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Heartbreaker 

Tom Petty concert stirs the rock-and-roll soul

click to enlarge Ain't he (still) a heartbreaker?
  • Ain't he (still) a heartbreaker?

Tom Petty is huge. By now, you know if you like Tom; you know if his music has crawled inside your soul and become part of your life's soundtrack, or if you find him simply too hack and unchallenging. In concert, he is a man of few surprises, which is just fine for those of us in the former category.

At Red Rocks on Tuesday night, Sept. 14, Tom and his five Heartbreakers (to look at them, one imagines this name must have been tongue-in-cheek) entertained a huge number of diehard fans. It was a thoroughly satisfying rock show, which included many songs that have over the years slipped into our American collective consciousness.

In support of his most recent CD, Echo, Petty, in black leather pants and trench coat, had the crowd on its feet, thrilled for the entire evening. Unique in the annals of rock, Petty with his aw-shucks attitude and hang-dog looks has quietly and humbly attained superstar status without our realizing it, and without the usual hype (unless you count his amusing videos). At first lumped in with New Wave and punk (the only fresh music of the late '70s), this error was quickly rectified. His music has had surprisingly lasting value; it has aged gracefully, if at all.

His style is almost oxymoronic: It sounds fresh and current, while all of its influences are old. He is inspired by the Byrds, the Beatles, the Searchers, as well as lots of "classic rock" (ironically, some of his songs are now "classic rock"). His anti-pop intonation, nasally speak-singing, is borrowed from Dylan, while his music is the pure pop chiming of the first British rock invasion, with deep American roots.

This half-revival and half-modern style leaves him with few equals. He successfully mines territory which would be anathema to almost any other artist, resulting in a pure pop rock without excess. And Petty is comparable in style to few of his contemporaries. John Mellencamp might be an example, though Mellencamp's music seems dated almost as soon as it is made. Petty is forever bucking musical trends, save his own.

With the first notes of "Jammin' Me" on Tuesday night, all physical discomfort was forgotten (prior to that, the huddled masses streamed about in post-air-raid fashion, trying to find seats that did not exist, a sadistic game of musical chairs which looked like stock footage of blood cells under a microscope). It was loud, swinging, tight arena rock, simply irresistible. The sound was crisp, the playing professional in the best sense.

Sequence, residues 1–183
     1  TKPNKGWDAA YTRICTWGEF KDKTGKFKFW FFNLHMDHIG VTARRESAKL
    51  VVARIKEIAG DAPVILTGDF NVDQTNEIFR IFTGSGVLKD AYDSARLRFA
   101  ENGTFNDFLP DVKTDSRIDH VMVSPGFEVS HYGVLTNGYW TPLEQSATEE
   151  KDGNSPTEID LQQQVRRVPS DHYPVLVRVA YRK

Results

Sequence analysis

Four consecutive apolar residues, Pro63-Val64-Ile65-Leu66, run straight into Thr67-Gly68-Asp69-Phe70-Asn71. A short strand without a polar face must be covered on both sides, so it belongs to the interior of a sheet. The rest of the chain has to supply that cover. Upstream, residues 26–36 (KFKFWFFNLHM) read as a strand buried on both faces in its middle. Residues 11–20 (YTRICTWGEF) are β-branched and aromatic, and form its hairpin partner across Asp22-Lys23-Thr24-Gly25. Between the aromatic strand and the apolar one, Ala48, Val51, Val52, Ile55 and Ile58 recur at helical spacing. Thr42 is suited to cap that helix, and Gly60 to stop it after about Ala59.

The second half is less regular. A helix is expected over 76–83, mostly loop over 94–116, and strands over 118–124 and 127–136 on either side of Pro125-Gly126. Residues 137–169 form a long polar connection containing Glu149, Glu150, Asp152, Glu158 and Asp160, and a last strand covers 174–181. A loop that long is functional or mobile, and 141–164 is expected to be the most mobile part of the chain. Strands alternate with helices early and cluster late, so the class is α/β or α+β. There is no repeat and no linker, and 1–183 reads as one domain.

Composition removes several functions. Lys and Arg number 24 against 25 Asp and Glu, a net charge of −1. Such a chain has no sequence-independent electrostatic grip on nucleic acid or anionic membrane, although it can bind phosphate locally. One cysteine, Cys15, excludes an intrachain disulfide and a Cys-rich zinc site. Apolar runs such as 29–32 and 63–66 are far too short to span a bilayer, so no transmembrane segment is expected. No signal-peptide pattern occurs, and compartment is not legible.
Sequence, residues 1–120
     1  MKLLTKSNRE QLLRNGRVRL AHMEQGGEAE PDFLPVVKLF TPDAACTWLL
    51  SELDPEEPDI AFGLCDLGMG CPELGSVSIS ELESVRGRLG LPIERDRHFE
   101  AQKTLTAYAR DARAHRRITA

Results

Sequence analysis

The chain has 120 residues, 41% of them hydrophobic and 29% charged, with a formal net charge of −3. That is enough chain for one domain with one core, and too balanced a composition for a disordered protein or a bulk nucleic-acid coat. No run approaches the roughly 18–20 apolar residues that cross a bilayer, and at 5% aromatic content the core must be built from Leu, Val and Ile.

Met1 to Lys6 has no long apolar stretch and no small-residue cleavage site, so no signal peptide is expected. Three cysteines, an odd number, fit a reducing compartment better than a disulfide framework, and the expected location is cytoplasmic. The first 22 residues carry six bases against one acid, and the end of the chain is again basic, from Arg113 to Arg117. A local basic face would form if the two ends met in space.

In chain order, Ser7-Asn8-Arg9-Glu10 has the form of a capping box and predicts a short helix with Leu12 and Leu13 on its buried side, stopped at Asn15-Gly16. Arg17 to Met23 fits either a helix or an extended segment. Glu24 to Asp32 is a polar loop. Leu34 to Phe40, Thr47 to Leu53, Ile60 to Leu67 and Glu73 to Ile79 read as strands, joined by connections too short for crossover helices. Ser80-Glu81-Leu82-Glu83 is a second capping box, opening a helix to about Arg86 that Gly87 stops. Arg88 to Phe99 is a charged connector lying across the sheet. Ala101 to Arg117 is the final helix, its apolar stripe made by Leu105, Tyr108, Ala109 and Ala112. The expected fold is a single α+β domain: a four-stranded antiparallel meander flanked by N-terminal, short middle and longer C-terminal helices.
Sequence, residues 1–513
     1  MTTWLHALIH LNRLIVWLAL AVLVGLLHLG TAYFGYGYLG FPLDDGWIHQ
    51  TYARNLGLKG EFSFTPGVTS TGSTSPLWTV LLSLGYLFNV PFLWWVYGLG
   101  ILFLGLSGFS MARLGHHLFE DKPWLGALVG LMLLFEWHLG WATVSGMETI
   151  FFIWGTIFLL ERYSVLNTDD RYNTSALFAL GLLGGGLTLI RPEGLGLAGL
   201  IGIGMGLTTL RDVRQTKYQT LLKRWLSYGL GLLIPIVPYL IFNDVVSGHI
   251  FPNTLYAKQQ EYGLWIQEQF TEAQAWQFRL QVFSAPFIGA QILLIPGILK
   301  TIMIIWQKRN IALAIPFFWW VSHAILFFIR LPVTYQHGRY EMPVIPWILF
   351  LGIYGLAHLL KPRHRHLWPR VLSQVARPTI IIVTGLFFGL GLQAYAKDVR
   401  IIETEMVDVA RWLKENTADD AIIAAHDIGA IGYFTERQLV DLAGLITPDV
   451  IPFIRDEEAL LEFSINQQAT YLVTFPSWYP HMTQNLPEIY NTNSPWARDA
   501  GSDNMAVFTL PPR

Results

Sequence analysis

Benmont Tench, his piano atop a pedestal decorated with faux stained glass, played the piano like ringin' a bell on "Runnin' Down a Dream." Petty sang-talked through "Breakdown" with clarity and a stark sense of purpose, at first playing it just like the record (David Spade would have been happy), before transitioning the song into a Bob Marley-like call-and-mimic crowd chant.

Petty's Echo is an album that at first sounds like more of the same, and then improves with repeated listening. Petty still has a hell of a way with a hook. He played some of Echo's best material Tuesday, including "Swingin'." The song's leisurely pace reveals a songwriter very sure of himself; it might drag in less masterful hands. "Free Girl Now" is inspiring and effective, and a hell of a lot more powerful live than recorded. It proved the ageless power of the simple 4/4 rock song.

Certifiable anthems like "Don't Do Me Like That" and "Don't Come Around Her No More" are among many songs during which Petty not only threatened and demanded, but flaunted his disdain for things grammatical.

Other highlights of the evening included a soulful version of Dave Mason's "Feelin' Alright," a compelling "Mary Jane's Last Dance" and a crisp version of "You Got Lucky," which elicited the comfortable familiarity of a broken-in Little League glove.

But the defining and most moving moment was somewhat of a sleeper hit, "It's Good To Be King." This song emerged in concert, beginning similarly enough to the recorded version before slowly and deliciously building with a counter-beat piano solo which traded licks with Mike Campbell's lovely lead guitar. "King" teased and stretched and sidled, like a particularly attentive lover, moving the crowd with its sinewy aural massage. The magic of Petty's music is its lack of excess, and when he stretches something, it is with a purpose. In less caring hands, this type of mood-building via solos would have been mere musical masturbation, but instead proved as good an argument as any for seeing Petty and the Heartbreakers live.

Current revisionist conventional wisdom attributes depth to Petty's work. Fortunately, that is not true. His lyrics are sometimes insightful, and introspective, but not deep. They are good rock songs, and he was able to show that his repertoire of timeless gems make him among the few artists deserving of his boxed set.

Petty ended the show after a couple of hours, just before the point of diminishing returns; even the greats can overdo it, and Petty seems to have realized that. The show was excellent, the sound pristine and, ultimately, made it almost understandable why so many of us go to all the trouble of seeing a concert at Red Rocks.

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